Similar to the lead character’s statement in the “I’m a teenage feminist”, she is not a mother, a wife, and not a supermodel. In the book “Liberal Feminism,” it is stated that most of the liberal feminists during the eighteenth and nineteenth century lived an unconventional life. Tong said that John Stuart Mills and Harriet Taylor had a platonic love affair during the time they met. Their love was very unconventional that Harriet Taylor was already married and had a child with her then husband John Taylor.
After his death, Harriet Taylor married John Stuart Mill (Tong page 17-18). In the essays of Harriet Taylor and John Stuart Mills, both of them provided their own views regarding love and having a family. In the perspective of John Mills, individuals must start late in marriage and rearing children; on the other hand, Harriet Taylor believes that a woman must start very early in marriage that later on her (any woman) marriage could result in divorce and maybe find another man who can provide her all her necessities.
The lead person character in the video appears to agree with John Stuart Mill’s perspective on marriage. In addition, the couple has stated that women have always been provided a choice in life which is to “devote their lives to one animal function and its consequence on the one hand, and writing great books, discovering new worlds and building mighty empires [on the other]”(Tong 17). Harriet Taylor also provided significant statements that women only have two choices which are mothering and housewifery and the other hand work outside her home.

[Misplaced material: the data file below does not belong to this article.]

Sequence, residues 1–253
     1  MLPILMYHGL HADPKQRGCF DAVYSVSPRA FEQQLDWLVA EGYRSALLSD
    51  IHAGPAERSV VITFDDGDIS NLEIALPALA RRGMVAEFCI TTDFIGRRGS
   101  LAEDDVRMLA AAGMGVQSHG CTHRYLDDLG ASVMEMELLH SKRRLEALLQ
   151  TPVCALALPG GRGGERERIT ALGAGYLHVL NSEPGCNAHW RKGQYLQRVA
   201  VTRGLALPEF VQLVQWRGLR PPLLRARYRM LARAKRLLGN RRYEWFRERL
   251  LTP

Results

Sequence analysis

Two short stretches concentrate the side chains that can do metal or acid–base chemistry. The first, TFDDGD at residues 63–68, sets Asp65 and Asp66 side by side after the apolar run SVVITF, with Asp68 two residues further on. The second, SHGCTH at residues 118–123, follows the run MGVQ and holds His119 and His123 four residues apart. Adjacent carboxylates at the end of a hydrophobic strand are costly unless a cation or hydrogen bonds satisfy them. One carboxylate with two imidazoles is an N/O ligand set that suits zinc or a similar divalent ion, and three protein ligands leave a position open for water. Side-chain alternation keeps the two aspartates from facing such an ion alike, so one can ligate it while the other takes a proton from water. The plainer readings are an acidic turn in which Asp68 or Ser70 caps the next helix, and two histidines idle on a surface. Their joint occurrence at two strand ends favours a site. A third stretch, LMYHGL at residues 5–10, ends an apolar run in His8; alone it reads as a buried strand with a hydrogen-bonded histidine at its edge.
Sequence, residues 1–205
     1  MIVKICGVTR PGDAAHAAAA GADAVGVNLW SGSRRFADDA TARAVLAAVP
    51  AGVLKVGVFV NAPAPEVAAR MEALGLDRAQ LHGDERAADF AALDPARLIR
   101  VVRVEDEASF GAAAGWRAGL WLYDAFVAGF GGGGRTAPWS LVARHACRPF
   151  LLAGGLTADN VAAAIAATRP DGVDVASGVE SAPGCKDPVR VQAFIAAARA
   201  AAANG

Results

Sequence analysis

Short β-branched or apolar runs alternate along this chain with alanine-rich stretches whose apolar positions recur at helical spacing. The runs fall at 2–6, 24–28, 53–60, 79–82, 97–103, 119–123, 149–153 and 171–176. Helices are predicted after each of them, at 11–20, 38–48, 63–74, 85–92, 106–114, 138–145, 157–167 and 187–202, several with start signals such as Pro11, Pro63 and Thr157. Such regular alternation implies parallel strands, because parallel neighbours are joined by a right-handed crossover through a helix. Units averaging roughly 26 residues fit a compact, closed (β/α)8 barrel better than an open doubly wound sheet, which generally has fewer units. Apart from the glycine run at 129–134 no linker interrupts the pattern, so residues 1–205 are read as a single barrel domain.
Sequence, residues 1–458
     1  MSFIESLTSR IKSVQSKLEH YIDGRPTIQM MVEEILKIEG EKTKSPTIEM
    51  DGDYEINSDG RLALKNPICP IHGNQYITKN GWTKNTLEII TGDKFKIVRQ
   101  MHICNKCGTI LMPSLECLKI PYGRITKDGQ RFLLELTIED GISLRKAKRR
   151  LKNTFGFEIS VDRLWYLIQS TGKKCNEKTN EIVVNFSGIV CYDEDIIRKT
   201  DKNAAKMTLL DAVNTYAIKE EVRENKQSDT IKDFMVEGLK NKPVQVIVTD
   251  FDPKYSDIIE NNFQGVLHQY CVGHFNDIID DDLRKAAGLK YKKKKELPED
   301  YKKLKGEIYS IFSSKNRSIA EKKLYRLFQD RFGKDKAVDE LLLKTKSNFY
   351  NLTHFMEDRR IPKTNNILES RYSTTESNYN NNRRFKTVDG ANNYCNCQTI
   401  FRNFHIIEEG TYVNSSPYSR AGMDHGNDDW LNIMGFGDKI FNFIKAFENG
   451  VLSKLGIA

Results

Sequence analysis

In addition to such responsibilities, Harriet believes that women must not only focus on their womanly responsibilities but also participate in the social world and contribute to the economic state of the family (Tong, 18). In the current era, liberal feminists would want women to be free of any societal provisions made in the past. Although such cannot be hindered, the confidence of a woman within her must exists. No matter how complicated and judgmental people are, a woman must be able to express herself freely and not strictly conform to what women are boxed as—mothers and wives.
With regard to the video that presents the speech of Gloria Stern, the point that I was very amused with was the limitations of men in the family. It is known that women are the ones who are strictly prohibited to do various things work only for the family and the likes, while the males are free to do anything they desire. However, Gloria Stern stressed that men are also restricted by the society to express their soft side due to the judgmental views of the society that men should only work for the family and not provide love and care for his children.
Hoping that things would change in the future, Stern expressed that if women are fighting for their rights to be equal with men, then men should be regarded as equal to women in the perspective of family and rearing children.
“Dr. Mary Edwards Walker. ” National Library of Medicine. 16 February 2009 <http://www. nlm. nih. gov/changingthefaceofmedicine/physicians/biography_325. html>. “Mary Edwards Walker. ” Golden Ink. 2009. 16 February 2009 <http://ngeorgia. com/ang/Mary_Edwards_Walker>. Tong, Rose Mary Putnam. Feminist Thought: A More Comprehensive Introduction. 3rd Ed. Colorado: Perseus Distribution, 2009.